Imaging the dynamic interactions between immune cells, glia, neurons and the vasculature in living rodents has revolutionized our understanding of physiological and pathological mechanisms of the CNS. Emerging microscopy and imaging technologies have enabled longitudinal tracking of structural and functional changes in a plethora of different cell types in the brain. The development of novel methods also allowed stable and longitudinal optical access to the spinal cord with minimum tissue perturbation. These important advances facilitated the application of in vivo imaging using two-photon microscopy for studies of the healthy, diseased, or injured spinal cord. Indeed, decoding the interactions between peripheral and resident cells with the spinal cord vasculature has shed new light on neuroimmune and vascular mechanisms regulating the onset and progression of neurological diseases. This review focuses on imaging studies of the interactions between the vasculature and peripheral immune cells or microglia, with emphasis on their contribution to neuroinflammation. We also discuss in vivo imaging studies highlighting the importance of neurovascular changes following spinal cord injury. Real-time imaging of blood-brain barrier (BBB) permeability and other vascular changes, perivascular glial responses, and immune cell entry has revealed unanticipated cellular mechanisms and novel molecular pathways that can be targeted to protect the injured or diseased CNS. Imaging the cell-cell interactions between the vasculature, immune cells, and neurons as they occur in real time, is a powerful tool both for testing the efficacy of existing therapeutic approaches, and for identifying new targets for limiting damage or enhancing the potential for repair of the affected spinal cord tissue.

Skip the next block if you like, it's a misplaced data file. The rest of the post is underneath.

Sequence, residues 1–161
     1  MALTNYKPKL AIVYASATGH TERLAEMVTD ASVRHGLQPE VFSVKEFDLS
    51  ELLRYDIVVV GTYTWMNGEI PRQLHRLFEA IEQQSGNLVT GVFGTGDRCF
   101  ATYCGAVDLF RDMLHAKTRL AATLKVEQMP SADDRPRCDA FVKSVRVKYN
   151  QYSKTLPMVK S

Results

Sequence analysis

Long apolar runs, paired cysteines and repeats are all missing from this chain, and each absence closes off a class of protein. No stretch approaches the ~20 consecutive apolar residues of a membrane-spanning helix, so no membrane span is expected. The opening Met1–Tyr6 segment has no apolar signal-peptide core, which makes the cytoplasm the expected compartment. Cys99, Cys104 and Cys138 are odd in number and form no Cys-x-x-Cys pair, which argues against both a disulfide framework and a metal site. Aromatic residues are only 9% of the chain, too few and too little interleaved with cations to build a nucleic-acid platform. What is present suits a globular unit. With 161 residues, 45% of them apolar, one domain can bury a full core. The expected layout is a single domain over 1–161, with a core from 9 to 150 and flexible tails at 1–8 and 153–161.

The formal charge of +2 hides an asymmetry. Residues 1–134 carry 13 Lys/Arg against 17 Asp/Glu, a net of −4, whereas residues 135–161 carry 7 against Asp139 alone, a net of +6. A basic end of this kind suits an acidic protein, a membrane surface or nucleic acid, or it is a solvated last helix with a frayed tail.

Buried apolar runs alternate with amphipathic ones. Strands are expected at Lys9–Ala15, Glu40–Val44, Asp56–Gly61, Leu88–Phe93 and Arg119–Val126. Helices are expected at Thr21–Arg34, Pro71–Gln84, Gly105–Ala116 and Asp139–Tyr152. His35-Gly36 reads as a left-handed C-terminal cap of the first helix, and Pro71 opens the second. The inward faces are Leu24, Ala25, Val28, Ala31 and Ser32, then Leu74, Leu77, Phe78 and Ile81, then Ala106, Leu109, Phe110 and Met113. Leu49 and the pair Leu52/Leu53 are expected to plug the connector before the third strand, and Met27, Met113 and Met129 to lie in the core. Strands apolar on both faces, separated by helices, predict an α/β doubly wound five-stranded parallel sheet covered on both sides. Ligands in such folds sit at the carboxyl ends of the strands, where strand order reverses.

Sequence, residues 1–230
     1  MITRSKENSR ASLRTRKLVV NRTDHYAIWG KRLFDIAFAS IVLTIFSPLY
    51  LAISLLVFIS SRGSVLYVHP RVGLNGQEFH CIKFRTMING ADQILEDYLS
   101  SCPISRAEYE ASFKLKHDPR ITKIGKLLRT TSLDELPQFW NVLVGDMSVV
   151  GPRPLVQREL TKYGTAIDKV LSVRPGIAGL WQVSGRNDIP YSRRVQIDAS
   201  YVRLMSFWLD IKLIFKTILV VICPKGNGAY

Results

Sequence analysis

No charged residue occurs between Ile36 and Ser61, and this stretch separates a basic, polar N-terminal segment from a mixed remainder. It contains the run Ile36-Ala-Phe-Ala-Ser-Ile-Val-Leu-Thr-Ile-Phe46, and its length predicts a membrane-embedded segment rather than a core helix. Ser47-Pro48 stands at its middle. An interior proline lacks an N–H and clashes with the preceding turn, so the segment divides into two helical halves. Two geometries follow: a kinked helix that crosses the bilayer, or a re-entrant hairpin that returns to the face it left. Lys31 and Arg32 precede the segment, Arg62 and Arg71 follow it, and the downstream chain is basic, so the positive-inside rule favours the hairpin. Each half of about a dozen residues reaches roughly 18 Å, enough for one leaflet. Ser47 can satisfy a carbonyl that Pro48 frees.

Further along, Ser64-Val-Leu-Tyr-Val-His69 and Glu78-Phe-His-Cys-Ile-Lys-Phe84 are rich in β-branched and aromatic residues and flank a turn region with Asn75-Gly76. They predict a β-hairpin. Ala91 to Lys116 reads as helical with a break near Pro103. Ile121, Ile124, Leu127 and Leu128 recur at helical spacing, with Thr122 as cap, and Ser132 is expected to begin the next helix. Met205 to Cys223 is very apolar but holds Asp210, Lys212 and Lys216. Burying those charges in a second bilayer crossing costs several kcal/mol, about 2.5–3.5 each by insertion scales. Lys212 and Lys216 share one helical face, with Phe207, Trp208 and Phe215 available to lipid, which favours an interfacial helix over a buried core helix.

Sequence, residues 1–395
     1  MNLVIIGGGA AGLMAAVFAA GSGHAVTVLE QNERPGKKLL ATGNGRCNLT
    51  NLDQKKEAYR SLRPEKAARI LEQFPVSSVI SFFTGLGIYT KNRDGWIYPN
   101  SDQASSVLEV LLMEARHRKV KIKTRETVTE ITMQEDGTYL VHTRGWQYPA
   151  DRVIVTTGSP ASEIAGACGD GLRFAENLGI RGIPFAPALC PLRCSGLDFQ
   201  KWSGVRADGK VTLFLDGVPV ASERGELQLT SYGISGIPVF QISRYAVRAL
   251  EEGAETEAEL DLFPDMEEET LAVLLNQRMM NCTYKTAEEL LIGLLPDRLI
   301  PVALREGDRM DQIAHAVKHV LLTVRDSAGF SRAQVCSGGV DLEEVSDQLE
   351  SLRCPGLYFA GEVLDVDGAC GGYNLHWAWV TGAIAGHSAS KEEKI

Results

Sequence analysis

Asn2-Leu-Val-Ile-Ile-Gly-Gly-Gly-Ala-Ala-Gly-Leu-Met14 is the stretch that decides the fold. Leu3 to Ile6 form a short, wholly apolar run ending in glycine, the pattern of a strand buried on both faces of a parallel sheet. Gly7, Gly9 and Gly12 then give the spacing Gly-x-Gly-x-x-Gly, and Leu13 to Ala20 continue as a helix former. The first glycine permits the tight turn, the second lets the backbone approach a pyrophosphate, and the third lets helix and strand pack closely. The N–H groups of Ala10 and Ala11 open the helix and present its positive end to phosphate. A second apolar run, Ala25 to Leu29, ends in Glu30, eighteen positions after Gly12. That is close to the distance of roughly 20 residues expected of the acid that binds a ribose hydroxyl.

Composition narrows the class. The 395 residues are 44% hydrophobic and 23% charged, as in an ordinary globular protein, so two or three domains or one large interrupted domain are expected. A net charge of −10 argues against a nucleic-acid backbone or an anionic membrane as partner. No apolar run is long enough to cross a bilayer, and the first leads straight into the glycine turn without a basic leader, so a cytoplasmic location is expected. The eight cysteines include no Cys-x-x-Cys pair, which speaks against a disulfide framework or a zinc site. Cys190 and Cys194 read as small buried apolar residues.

Copyright © 2019. Published by Elsevier Inc.